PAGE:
Thu 4th Aug 2016
August 2016: Post Brexit vote – assessing the impact
After the shock of the Brexit vote comes consideration of the implications and businesses across the UK, including here in Northern Ireland, are beginning to assess the impact of this new political scenario, in the short, medium and longer term. Of course, at this early post vote and pre-negotiation stage there is just so much that we do not yet know. Indeed it is far from certain when exactly serious negotiations with the European Union will begin, never mind when and how they will conclude.
Northern Ireland Chamber of Commerce and Industry believes that our own political leaders have a crucial role to play in securing the best possible outcome for our local businesses. That means moving on from the different position the parties took into the referendum campaign and putting NI plc at the centre of the post Brexit political dispensation.
New trade deals will take a long time to be worked out, and the negotiations will be complex and detailed. Northern Ireland needs a united voice at the table in order to safeguard and promote our ability to trade with our neighbours and to take account of our unique position as the one UK region with a land border with the EU.
We have long championed export as a means to support economic growth for Northern Ireland businesses large and small and across all sectors. As a Chamber we fully support freedom of movement and freedom of trade and we want to see these remaining as a key tenet of our ongoing post Brexit relationship with our European neighbours. The population across Europe and in particular the Republic of Ireland is too important a market for our products and services to restrict.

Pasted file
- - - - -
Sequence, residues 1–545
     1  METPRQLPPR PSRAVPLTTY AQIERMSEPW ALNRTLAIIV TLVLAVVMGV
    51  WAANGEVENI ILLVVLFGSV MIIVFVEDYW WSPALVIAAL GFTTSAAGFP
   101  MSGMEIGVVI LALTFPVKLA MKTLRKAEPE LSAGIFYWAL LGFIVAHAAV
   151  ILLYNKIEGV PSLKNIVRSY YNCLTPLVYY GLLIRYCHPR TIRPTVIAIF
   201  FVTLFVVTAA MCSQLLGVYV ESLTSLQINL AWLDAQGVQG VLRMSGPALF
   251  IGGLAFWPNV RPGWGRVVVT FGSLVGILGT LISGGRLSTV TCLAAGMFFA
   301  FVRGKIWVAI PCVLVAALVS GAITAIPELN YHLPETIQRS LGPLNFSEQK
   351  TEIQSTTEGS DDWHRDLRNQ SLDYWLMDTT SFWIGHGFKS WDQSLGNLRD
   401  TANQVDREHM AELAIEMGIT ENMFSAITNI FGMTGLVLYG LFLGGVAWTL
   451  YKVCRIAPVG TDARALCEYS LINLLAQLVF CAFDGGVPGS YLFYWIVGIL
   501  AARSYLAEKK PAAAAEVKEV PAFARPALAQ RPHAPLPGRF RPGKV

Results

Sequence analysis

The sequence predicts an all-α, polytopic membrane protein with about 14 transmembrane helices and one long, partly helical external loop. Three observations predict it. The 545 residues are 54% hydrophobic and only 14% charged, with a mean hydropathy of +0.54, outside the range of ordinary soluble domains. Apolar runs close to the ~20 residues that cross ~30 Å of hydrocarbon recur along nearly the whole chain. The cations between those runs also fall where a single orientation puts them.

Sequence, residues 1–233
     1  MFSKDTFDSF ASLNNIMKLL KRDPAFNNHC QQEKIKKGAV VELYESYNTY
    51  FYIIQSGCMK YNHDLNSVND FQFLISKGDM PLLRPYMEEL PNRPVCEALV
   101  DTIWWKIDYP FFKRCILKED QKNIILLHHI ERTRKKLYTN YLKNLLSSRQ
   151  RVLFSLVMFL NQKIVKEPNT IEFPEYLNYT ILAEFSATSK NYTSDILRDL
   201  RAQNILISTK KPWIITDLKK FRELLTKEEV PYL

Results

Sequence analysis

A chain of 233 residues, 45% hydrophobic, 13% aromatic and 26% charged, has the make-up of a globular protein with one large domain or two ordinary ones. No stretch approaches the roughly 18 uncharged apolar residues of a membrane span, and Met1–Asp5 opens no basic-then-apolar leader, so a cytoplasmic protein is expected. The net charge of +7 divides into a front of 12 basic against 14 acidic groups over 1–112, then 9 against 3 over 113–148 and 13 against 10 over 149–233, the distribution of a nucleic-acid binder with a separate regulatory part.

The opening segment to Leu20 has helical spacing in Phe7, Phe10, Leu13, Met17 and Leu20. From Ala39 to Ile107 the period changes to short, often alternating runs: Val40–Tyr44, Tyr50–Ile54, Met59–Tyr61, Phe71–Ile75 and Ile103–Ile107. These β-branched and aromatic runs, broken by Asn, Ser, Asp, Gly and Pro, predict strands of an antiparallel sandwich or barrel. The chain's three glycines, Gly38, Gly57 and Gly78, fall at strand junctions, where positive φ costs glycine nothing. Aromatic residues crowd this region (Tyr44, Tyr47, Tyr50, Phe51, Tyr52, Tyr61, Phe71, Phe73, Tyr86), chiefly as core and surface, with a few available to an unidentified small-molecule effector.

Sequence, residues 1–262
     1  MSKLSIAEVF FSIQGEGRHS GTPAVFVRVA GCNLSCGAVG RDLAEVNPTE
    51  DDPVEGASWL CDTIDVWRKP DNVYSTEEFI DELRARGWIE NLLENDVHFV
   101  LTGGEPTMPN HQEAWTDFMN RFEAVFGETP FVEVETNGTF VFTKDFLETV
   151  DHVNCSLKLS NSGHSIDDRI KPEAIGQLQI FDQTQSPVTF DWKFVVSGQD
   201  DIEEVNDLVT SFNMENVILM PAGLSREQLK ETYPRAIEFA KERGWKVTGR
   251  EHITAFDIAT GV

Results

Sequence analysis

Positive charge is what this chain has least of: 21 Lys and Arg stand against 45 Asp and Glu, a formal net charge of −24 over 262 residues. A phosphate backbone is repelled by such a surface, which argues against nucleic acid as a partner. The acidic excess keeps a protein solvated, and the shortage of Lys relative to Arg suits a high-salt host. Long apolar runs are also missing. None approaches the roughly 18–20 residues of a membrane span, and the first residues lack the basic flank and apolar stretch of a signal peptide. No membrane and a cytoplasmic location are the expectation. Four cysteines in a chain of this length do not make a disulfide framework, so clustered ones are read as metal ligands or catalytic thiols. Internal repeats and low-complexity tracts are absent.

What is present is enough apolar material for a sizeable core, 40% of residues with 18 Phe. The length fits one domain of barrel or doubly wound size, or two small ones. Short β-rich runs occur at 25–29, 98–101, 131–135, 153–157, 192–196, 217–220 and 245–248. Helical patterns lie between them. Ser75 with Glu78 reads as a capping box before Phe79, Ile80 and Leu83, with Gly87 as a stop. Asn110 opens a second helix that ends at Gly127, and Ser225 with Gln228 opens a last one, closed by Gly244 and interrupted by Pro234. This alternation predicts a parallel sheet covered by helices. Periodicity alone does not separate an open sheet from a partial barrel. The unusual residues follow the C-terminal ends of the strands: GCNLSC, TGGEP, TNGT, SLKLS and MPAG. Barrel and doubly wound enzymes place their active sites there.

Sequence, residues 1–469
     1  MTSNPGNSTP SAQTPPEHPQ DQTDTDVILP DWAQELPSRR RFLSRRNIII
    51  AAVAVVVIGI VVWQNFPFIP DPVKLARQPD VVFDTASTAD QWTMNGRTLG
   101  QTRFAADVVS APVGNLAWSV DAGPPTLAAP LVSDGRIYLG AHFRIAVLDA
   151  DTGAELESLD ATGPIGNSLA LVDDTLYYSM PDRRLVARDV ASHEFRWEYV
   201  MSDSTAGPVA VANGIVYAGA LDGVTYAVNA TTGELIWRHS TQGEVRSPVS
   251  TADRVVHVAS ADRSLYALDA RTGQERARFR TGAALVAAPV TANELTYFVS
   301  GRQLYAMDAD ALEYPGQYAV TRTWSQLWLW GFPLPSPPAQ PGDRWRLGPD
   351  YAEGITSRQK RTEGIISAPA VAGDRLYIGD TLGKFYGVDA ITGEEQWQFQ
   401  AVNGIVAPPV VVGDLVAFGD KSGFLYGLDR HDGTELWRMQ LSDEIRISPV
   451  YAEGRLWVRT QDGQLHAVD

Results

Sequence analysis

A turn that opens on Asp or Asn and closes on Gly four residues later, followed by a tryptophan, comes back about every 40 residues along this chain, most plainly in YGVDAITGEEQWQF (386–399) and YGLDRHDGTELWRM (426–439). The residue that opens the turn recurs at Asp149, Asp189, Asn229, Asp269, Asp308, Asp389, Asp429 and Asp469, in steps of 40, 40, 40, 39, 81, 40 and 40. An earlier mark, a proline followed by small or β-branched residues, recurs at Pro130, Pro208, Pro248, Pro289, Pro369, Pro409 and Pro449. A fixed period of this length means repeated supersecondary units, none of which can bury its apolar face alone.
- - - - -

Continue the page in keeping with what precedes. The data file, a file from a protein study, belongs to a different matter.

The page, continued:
Research & Development has played a key role in driving the growth of our specialised sectors in particular, much of it funded by the EU. NI Chamber takes heart from commitments already made that current letters of offer for funding will be met pending the UK’s exit. However, in the longer term, the question is will the national UK Government stand by and assure that current EU R&D funding levels are maintained?
Above all Northern Ireland businesses need information on what is happening at the moment and what is likely to happen in the future, both in terms of how the new relationship will be formed but also in regard to the logistics of the discussions. The private sector locally will want a say and an assurance that their voice will be heard. That can only come from our own political representatives and we are ready to work with them to protect the interests of Northern Ireland as far and as long as possible.